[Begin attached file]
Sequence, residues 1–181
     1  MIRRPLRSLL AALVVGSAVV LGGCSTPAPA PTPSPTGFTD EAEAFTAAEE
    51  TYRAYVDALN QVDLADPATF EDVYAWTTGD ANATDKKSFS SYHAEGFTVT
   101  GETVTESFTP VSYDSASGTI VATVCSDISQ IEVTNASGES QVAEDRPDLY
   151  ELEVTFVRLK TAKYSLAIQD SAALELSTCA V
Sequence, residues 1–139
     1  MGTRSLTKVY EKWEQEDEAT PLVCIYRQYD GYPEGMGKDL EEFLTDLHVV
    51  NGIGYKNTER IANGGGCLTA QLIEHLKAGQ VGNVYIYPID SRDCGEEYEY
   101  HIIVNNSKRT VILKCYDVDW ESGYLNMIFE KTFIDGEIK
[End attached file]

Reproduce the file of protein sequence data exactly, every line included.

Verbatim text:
Sequence, residues 1–181
     1  MIRRPLRSLL AALVVGSAVV LGGCSTPAPA PTPSPTGFTD EAEAFTAAEE
    51  TYRAYVDALN QVDLADPATF EDVYAWTTGD ANATDKKSFS SYHAEGFTVT
   101  GETVTESFTP VSYDSASGTI VATVCSDISQ IEVTNASGES QVAEDRPDLY
   151  ELEVTFVRLK TAKYSLAIQD SAALELSTCA V
Sequence, residues 1–139
     1  MGTRSLTKVY EKWEQEDEAT PLVCIYRQYD GYPEGMGKDL EEFLTDLHVV
    51  NGIGYKNTER IANGGGCLTA QLIEHLKAGQ VGNVYIYPID SRDCGEEYEY
   101  HIIVNNSKRT VILKCYDVDW ESGYLNMIFE KTFIDGEIK